She is ably assisted by a group of dynamic editors and content creators – Aditi Hingu, Shalaka, Neha, Munmun, Monica, Pradeepthi Visamsetty, Deepti Chhabra, Bhavneet Arora, Harinder, Shivani, and Ekta.
Gurpreet Kaur, a reader, shares, “It is very informative and captivating. It keeps me updated and the puzzles are very good for improving my thought process.” Another young reader Ayush Moitra, agrees, “While I enjoy the informative news and stories, I enjoy the puzzles a lot!”
A year into the paper, Nidhi recollects mentioning to her son that he should not switch to reading the main paper.
His response – ‘What this paper does for me, no other paper will. So please get used to the idea that you are going to be making this for a few more years at least.’
“We often get to hear from other readers that they appreciate us talking to them in the language and tone they understand. Even concepts like insurance are something that our readers now understand,” says Nidhi, with pride.
Navita Baheti, a parent, says, “I find it very helpful for my daughter. I don’t have to look for age-appropriate news for her anymore and it covers almost all areas required for this age-group. This newspaper is now part of our routine.”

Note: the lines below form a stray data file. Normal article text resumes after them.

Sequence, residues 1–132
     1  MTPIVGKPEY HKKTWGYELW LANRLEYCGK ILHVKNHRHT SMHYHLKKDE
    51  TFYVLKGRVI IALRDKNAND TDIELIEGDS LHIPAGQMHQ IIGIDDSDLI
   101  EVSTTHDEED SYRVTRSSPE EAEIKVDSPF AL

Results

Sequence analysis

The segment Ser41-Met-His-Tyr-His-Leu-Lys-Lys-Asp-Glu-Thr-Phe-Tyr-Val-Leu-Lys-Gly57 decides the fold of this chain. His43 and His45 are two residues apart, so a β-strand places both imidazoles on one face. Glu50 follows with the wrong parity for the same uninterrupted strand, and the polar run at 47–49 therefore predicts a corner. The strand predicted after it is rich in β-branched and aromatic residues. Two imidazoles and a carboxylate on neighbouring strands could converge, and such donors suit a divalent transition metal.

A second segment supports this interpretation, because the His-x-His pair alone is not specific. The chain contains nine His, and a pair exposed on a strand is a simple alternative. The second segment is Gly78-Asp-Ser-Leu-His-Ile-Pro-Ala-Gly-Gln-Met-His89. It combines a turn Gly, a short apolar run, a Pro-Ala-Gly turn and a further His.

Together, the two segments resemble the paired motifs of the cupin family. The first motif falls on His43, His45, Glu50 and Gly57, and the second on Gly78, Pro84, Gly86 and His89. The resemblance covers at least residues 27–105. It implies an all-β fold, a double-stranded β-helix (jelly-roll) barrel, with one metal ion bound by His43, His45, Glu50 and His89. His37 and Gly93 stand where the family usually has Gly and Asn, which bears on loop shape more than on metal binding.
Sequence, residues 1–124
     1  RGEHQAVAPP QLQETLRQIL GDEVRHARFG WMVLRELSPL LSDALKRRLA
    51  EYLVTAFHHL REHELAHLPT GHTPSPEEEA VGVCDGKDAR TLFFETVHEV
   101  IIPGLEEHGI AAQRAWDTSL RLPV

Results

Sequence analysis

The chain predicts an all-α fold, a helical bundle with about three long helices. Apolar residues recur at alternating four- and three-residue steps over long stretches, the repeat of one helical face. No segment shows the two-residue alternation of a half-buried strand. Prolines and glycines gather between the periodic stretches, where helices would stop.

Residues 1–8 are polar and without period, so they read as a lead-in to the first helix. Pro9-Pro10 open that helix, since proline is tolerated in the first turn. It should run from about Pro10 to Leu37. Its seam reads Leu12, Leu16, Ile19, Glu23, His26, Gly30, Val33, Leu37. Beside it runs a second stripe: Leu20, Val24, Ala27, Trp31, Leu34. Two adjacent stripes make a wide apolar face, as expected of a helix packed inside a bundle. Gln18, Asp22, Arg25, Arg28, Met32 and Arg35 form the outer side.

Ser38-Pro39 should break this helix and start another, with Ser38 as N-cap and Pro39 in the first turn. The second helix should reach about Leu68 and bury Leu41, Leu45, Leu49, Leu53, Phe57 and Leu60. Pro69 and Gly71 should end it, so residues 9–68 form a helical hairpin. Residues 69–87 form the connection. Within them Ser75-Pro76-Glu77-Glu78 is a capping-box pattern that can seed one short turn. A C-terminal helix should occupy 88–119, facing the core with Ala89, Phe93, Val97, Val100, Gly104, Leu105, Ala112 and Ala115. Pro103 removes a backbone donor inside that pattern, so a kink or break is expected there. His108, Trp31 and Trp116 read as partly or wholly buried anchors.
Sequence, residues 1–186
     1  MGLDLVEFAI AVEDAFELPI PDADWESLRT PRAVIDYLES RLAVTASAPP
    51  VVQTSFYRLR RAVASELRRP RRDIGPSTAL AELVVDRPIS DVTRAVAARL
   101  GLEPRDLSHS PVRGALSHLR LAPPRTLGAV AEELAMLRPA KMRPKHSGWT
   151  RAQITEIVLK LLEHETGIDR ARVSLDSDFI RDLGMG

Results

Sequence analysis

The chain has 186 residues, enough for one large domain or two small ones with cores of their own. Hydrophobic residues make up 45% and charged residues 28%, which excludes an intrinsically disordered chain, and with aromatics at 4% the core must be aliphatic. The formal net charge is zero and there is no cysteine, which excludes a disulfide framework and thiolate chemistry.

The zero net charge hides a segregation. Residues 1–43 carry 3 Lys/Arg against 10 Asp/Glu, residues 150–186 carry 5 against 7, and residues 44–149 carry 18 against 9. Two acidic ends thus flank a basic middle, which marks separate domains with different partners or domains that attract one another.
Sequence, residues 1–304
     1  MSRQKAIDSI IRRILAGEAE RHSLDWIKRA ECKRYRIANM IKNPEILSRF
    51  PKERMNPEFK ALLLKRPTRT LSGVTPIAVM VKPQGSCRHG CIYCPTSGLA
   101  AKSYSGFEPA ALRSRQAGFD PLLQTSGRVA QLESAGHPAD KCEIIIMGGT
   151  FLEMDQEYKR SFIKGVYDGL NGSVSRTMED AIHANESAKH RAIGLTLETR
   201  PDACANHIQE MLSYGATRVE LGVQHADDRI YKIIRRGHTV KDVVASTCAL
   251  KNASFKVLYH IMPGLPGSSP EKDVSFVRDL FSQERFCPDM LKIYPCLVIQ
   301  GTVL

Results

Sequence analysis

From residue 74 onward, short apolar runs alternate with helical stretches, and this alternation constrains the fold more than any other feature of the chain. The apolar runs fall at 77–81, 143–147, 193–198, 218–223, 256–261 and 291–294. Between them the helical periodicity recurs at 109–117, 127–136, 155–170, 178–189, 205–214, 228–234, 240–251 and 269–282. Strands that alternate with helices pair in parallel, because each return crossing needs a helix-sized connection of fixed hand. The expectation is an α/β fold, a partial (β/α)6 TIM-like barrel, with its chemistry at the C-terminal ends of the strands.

From starting with a circulation of 50 in July 2017 to reaching almost 3,500 young readers in 16 months has been a fascinating journey, both for those who create it as well as for those who read it. Presently, it caters to the young ones between 8 and 13 years.
A wide range of topics is covered in these papers, ranging from international affairs, environment, economics, gadgets and technology, knowledge about the Indian democratic system and how to be a responsible citizen of India.
Here’s how you can get your copy
The Children’s Post is available pan-India. If you are looking for the online version, you could go here. You can also opt for the monthly subscription plan.
If you wish to get involved or have more discussions, do join their Facebook group.
(Edited by Shruti Singhal)